The Bay of Pigs, scene of the ill-fated CIA-backed counterrevolution in April 1961, is an hour’s drive from Cienfuegos and enroute we observed farm workers drying rice right on the roadway. The museum in Playa Giron, a main invasion beach along with Larga, is over-the-top in terms of propaganda with little perspective balance. But the heartbreaking stories of Cubans in the region under the Batista regime are nicely juxtaposed with inspiring ones of what has happened in the area since 1961.
Departing Larga, we headed to our final destination on this incredible journey – La Habana. We spent three days and nights in the capital and were overwhelmed with its beauty, vibrancy and history. We walked the famed oceanside Malecon esplanade, climbed about the El Morro and La Cabana fortifications, and visited the Tropicana nightclub and the art deco Hotel Nacional. We dined at phenomenal paladars, privately-owned restaurants emerging since Raul Castro provided a small opening in the prohibition of private enterprise.

Again, Jose Marti dominated the personality debate. A fairly new statue stands before the American Embassy along the Malecon – Marti is holding a child, Elian Gonzalez, and pointing accusingly at the Americans. Gonzalez was the boy whose US immigration in 1999, and subsequent repatriation to Cuba the following year, caused an enormous international imbroglio. A few miles away, the Plaza de la Revolution lies in obeisance before a tremendous monumental hilltop tower. At the base, looking downhill at the plaza and the city beyond, is a large, brooding Marti. Facing him, across the plaza, are two iconic artworks dedicated to Castro revolutionaries. One is the world-famous Argentinean, Che Guevara. The other is the more enigmatic Cuban Camilo Cienfuegos. A young Cuban told us, “Che, as a foreigner, was no threat to Fidel, and would soon be off to fight in other lands. Camilo, however, was almost as important to the Cuban people as the Castros.” A famed guerrilla, Camilo was associated with revolutionaries who were not enamored with Fidel’s seemingly abrupt embrace of orthodox Communism. The young man continued, “Most of us believe Fidel had Cienfuegos ‘disappeared,’ as Camilo took off on a flight in 1961, on a mission directed by Castro, and no trace of plane or man was ever seen again.”

An old adage opines ‘revolutions eat their young.’ Perhaps. What is not in doubt is that Castro embraced a cult of Jose Marti and, essentially, ‘disappeared’ Manuel de Cespedes. In the US we have our own sense of ambivalence towards the “Father of our Country.” George Washington is seemingly marble, aloof, unknowable. We do not memorize his speeches and writings. We admire him for leading our armies in the War of Independence and guiding our early years as a republic. But we do not love him. Instead, our affection is pointed towards the Great Emancipator, Abraham Lincoln. We love his coming-of-age tale, his homespun western sensibility and his steely grit in carrying the nation through its most harrowing days. We know Lincoln’s stories, his brilliant writing and, more than anything, his heartfelt speeches. He is the embodiment of America. It is, perhaps, no coincidence that in downtown Havana’s Parque de la Fraternidad, in which each American nation placed a bust of one of its leaders, the United States sent one of Abraham Lincoln. Maybe each country has its Cespedes and Marti, its Washington and Lincoln.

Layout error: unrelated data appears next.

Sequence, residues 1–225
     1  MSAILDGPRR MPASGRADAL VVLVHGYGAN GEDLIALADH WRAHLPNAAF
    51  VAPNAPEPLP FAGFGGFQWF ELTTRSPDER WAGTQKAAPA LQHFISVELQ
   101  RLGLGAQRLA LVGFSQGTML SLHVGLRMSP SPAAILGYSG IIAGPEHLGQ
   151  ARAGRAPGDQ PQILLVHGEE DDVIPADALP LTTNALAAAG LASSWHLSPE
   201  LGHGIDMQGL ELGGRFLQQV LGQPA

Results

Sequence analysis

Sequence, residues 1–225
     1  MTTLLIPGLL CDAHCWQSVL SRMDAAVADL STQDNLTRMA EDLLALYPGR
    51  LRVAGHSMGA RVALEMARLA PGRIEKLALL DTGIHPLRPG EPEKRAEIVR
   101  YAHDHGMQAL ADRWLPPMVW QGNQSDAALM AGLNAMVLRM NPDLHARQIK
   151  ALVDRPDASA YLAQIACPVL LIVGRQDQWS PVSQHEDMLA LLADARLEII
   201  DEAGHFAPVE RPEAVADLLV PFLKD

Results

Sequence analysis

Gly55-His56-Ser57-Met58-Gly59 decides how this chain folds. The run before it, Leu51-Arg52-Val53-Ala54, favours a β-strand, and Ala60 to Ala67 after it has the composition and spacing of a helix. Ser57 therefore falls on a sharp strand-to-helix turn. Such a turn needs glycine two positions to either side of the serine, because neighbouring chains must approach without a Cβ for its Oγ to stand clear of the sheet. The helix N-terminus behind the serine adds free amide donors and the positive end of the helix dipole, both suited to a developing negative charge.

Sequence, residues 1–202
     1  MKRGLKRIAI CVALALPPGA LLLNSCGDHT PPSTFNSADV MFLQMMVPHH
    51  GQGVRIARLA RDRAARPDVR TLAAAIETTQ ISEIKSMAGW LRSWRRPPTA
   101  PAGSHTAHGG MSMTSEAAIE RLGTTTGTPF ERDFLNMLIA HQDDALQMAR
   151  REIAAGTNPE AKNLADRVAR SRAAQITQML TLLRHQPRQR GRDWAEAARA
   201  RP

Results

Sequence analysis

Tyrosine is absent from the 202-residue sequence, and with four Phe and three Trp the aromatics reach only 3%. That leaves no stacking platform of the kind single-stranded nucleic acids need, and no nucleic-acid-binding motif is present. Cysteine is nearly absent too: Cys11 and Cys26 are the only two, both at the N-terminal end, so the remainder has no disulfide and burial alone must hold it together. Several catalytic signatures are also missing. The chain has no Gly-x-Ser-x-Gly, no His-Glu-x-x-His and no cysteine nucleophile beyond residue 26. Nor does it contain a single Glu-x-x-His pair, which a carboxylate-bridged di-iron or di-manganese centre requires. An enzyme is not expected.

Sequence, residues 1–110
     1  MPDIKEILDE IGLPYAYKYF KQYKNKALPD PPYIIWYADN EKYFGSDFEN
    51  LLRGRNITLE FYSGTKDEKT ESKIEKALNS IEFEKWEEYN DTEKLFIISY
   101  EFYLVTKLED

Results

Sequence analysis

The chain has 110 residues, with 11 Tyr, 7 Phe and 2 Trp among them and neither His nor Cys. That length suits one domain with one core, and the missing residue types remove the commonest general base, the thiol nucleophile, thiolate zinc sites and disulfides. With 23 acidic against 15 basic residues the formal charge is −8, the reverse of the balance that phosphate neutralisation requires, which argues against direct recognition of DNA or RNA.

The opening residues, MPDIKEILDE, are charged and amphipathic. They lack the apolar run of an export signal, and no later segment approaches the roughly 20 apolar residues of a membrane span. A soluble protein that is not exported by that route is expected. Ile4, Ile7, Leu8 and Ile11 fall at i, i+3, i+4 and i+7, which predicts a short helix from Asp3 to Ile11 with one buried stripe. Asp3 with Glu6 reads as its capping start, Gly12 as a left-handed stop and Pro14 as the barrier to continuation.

Dr. Brian DeToy is a retired Army officer who most recently ran the Defense & Strategic Studies program at the US Military Academy, West Point. He is an author and historian, with an undergraduate degree from Notre Dame and a PhD from Florida State in European History. He has appeared on numerous television documentaries focused on various aspects of history. Brian has led more than 150 tours of over 50 cities and battlefields on three continents.

Sheryl Rankin Shafer is a freelance writer, researcher and editor focusing on educational leadership and business marketing communications. She has leadership experience in the start-up phase of multiple corporate and nonprofit businesses, both as a consultant and as a member of the board of directors. She is currently president of an education software company; her published work focuses on the education field. She holds an MA in in Leadership, Policy and Politics from Columbia University’s Teachers College and a Master of Nonprofit Management from Regis University.
Together, Brian and Sheryl own and operate Essential History Expeditions, a small tour company focusing on high-end guided travel to explore the history and culture of countries, cities and battlefields around the world. For more information, including upcoming trips to Cuba, visit www.historyexp.com.